From Zero to a Hundred
They weren’t sailors, but they had spirit, and they were ready for a big change. A new catamaran and a couple of continents later, they got all that and more.
Now the odyssey was transformed. “Our next life adventure,” as Laurie calls it on her blog, was taking shape. Details were thought through, debated, pinned down. In the next two years, the couple flew to Argentina four times, did deliveries with other owners aboard their Antares cats, and took more sailing lessons.
In October 2010, they quit their jobs, rented out their house, and acquired additional marine licenses. They flew to Buenos Aires, oversaw the stepping of the mast, and soaked up as much as they could from the yard workers. And they got out into the city, enjoying the street scenes and the nightlife, the restaurants and the wine. They grew to know the boatyard owner and managers and were invited into their homes and into their family lives. On the day Alberta Crewed was launched, the factory threw an assado, a big barbecue, and aromas of grilled loin, flank, ribs, and sausage filled the air.
They shoved off in December after participating in a session of Antares University, a custom program for current and future clients, where they continued to learn more about their boat and how to handle it, and met and networked with other owners. After a book-length list of final details and provisioning—which included no fewer than 45 bottles of Mendoza wine—they set out on their maiden voyage, with the goal of inviting relatives to meet them in the Caribbean, on the island of Trinidad.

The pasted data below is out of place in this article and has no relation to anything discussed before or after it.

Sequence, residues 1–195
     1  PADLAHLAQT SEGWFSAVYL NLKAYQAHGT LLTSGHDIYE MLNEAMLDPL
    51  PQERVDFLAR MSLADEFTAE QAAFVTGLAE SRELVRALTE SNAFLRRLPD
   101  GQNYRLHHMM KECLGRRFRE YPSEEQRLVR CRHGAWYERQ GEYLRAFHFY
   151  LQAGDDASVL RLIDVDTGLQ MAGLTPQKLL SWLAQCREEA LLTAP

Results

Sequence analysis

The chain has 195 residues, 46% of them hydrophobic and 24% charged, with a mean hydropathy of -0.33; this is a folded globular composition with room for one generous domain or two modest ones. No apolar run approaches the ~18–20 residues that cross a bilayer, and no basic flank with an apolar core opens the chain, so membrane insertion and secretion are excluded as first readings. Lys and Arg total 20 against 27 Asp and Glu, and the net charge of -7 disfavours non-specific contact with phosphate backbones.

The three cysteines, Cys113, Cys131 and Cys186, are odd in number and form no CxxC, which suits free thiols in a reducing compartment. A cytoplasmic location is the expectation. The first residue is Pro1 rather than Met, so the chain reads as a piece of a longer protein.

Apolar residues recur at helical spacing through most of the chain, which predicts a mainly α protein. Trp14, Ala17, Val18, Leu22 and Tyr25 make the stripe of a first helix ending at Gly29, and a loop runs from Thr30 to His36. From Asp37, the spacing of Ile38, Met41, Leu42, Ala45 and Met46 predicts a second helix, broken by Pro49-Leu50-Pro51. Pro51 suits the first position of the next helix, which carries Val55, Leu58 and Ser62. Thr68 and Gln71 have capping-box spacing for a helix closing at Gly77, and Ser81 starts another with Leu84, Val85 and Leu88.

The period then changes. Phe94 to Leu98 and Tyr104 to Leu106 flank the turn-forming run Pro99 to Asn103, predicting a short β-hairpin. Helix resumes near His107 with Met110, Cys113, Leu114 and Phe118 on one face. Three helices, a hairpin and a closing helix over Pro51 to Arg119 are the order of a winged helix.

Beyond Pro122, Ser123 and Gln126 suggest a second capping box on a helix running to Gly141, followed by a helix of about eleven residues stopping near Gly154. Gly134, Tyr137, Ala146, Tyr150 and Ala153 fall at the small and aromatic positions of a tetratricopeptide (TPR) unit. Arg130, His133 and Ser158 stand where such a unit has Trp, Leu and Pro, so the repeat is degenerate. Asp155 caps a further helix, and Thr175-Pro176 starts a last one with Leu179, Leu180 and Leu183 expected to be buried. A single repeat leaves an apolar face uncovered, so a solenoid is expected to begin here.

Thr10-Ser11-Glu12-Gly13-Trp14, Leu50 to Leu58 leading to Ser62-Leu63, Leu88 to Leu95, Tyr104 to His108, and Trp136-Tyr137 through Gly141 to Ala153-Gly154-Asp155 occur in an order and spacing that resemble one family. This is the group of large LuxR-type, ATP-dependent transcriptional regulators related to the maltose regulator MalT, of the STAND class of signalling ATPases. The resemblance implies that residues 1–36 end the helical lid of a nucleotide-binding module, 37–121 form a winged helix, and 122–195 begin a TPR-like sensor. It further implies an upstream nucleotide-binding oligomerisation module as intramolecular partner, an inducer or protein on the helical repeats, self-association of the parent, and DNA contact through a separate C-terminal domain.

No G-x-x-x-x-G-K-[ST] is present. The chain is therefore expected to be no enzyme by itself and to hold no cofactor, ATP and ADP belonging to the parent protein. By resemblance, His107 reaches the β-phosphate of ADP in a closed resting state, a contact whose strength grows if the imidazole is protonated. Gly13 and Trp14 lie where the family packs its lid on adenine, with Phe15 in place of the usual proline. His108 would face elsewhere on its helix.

Of course, it never goes as planned, but for newbies, Craig and Laurie did pretty darn well. Australian friends Greg and Wendy Rodda helped them sail the boat north to Brazil, which was great. From there, others joined the adventure from time to time. The Antares factory crew had sent them off with a network of contacts, routing, and weather advice. There were kinks: Laurie did get seasick, but she learned to manage it with Bonamine (meclozine). Neither of them spoke Spanish or Portuguese, which gave rise to communication woes. At times, the customs and immigration paperwork confounded them.
“I can see why people do run away from this,” says Craig. “We’re still learning.”
“I knew it was going to be hard,” says Laurie with a smile, adding that they were humbled by the generosity extended to them everywhere they made landfall along the South American coast. Most important, they pulled it off, arriving in Trinidad in June 2011, then leaving the boat buttoned up for hurricane season.
When they talk about their trip, they keep coming back to how they lingered off Brazil, especially at Ilha Grande, southwest of Rio de Janeiro. “We didn’t want to leave,” says Laurie. And they met their personal design brief: “We sought three criteria: heat, simplicity, and adventure,” she writes on her blog.